Is there a way for a package to recognize that its content clashes with that of another package? This can happen when a package
becomes unmaintained and another differently named package takes over with perhaps clashing modules/__package__ paths.
I have a Python project that depends on an external C library (which is
unrelated to Python and NOT part of the OS).
For an sdist, this is easy: my setup.py assumes that the library is
pre-installed somewhere on the system where setuptools can find it.
However, is there a standard solution for packaging such a project as
wheel? Ideally, the project should "just work" when doing pip install on
it, which means that the external library should somehow be bundled in
I know that for example numpy does that, but it also has a very
complicated build system (containing a fork of distutils!).
Does anybody know any pointers for this? Or if you think that this is a
minefield which is not really supported, feel free to say so.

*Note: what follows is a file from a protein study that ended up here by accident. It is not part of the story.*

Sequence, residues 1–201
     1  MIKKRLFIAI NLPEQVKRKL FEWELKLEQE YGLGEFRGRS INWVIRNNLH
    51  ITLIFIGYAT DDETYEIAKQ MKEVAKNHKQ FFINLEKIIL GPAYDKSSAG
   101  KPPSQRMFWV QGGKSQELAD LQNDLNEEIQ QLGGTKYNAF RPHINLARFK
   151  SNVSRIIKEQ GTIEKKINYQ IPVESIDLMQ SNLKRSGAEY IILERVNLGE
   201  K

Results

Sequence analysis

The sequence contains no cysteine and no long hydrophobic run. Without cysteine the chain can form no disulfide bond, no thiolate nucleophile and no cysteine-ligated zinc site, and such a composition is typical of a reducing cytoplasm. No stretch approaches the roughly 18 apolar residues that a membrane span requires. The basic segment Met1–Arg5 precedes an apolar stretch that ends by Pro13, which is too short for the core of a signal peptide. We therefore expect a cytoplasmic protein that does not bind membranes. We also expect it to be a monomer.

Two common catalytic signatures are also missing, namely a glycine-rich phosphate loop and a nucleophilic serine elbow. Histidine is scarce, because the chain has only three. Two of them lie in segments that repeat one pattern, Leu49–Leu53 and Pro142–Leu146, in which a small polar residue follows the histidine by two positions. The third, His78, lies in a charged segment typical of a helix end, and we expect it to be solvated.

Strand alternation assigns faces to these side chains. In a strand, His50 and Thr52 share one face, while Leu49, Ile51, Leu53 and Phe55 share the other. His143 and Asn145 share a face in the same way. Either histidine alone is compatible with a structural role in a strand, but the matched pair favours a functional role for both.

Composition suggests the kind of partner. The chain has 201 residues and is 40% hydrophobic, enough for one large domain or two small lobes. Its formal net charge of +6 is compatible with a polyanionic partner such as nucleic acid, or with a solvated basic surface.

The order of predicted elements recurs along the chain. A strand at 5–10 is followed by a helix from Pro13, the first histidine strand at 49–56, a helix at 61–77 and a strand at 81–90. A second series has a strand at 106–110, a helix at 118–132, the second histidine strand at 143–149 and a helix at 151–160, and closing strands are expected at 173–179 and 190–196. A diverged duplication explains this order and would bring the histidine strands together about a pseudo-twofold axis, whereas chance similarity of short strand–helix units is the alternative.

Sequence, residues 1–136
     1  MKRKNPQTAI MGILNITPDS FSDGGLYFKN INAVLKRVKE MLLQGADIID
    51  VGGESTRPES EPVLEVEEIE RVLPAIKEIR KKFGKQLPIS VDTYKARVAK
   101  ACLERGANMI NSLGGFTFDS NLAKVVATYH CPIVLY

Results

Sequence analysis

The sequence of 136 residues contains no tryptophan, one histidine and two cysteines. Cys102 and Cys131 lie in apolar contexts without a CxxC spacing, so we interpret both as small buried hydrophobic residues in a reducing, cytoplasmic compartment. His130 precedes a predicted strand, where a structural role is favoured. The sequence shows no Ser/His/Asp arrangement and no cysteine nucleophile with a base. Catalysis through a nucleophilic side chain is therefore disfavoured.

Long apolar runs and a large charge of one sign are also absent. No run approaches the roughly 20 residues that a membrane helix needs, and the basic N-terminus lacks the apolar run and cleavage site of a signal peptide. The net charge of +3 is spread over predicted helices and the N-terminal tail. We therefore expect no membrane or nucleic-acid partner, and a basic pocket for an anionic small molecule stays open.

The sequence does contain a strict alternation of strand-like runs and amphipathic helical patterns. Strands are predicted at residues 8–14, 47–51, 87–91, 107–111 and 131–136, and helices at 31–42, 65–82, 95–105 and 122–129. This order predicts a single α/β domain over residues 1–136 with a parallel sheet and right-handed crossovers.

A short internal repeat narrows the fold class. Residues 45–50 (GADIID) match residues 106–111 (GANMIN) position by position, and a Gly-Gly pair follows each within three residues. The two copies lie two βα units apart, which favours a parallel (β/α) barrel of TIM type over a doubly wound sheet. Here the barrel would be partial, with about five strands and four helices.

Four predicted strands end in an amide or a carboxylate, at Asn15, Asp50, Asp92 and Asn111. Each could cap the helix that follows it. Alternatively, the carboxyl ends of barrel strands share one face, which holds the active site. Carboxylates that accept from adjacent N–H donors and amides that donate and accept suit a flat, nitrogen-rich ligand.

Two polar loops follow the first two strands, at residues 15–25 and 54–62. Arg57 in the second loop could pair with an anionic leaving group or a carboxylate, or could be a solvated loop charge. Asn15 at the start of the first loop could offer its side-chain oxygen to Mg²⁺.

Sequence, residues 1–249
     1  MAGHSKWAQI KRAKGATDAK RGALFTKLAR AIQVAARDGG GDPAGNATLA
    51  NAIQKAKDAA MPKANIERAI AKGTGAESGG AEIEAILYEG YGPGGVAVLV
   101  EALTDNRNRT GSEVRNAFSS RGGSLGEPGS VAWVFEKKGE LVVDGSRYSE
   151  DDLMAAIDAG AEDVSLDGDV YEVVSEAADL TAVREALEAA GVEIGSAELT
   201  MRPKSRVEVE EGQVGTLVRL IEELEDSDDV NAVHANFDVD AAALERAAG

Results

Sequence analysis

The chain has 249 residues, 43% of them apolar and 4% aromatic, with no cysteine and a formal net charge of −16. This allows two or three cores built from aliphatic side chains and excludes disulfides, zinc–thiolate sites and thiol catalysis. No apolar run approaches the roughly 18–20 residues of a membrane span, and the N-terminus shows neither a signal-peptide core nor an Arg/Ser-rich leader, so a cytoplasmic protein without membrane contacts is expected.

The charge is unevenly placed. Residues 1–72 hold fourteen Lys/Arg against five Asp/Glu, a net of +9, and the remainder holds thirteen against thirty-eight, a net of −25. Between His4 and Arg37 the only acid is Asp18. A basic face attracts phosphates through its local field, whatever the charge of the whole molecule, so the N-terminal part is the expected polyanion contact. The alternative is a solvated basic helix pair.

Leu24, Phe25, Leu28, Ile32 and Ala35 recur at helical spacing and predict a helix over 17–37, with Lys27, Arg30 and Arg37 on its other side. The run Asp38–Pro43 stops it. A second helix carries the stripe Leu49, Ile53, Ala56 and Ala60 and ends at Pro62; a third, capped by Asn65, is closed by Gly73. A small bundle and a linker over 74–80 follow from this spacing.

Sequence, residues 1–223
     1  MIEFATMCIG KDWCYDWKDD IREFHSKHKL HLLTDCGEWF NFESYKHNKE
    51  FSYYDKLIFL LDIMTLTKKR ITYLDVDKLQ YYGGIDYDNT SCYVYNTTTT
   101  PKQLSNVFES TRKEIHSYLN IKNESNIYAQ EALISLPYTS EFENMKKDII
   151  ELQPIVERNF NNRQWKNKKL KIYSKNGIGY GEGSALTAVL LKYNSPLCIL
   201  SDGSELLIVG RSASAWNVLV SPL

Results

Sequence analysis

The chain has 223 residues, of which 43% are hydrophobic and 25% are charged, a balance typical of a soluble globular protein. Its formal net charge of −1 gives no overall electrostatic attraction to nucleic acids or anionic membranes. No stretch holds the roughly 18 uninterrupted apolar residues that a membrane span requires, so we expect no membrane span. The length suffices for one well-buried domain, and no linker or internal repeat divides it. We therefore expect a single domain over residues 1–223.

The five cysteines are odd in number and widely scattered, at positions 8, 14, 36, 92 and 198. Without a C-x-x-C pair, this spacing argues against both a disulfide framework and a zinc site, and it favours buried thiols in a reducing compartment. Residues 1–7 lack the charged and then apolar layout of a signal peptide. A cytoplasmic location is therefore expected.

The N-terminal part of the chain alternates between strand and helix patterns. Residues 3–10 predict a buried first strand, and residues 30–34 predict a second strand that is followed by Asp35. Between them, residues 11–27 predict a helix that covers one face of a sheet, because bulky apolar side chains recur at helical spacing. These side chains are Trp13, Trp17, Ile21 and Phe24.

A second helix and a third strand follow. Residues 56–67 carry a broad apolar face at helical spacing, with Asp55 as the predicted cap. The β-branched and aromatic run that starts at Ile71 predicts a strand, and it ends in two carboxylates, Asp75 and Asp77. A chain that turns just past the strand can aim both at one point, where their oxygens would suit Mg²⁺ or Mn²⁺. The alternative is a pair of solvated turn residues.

This was opened as an issue (https://github.com/pypa/pip/issues/4032) some years ago, but it was more recently recommended to open a thread here and that issue was closed due to inactivity, so here goes.
pip currently rewrites sys.executable in the shebang line of scripts to be installed from wheels. This is necessary for portability, envs, etc. On the far opposite end of the spectrum, conda finds and rewrites the install prefix in any file anywhere in the package (including binaries). In IPython/Jupyter (specifically ipykernel), we have a file that we want to install that is a data_file in `share/jupyter/kernels/python3/kernel.json`. Like scripts, this file contains a reference to sys.executable, and like scripts, this should be rewritten at install time, since the wheel doesn't know the right value at build time. However, the sys.executable rewrite from pip is not configurable or accessible, so only scripts are allowed to have this modification. It would be useful to us to be able to opt-in to this modification for data_files as well.
Our current choices are:
1. disable wheels for our package because we need to know sys.executable to create these files, and thus must rely on arbitrary code execution to get it right
2. use `python` and add special runtime-handling (this is what we do, and it can be wrong, e.g. when sys.executable at runtime is not actually the sys.executable used for installation, exactly the problem script shebang rewrite solves for scripts)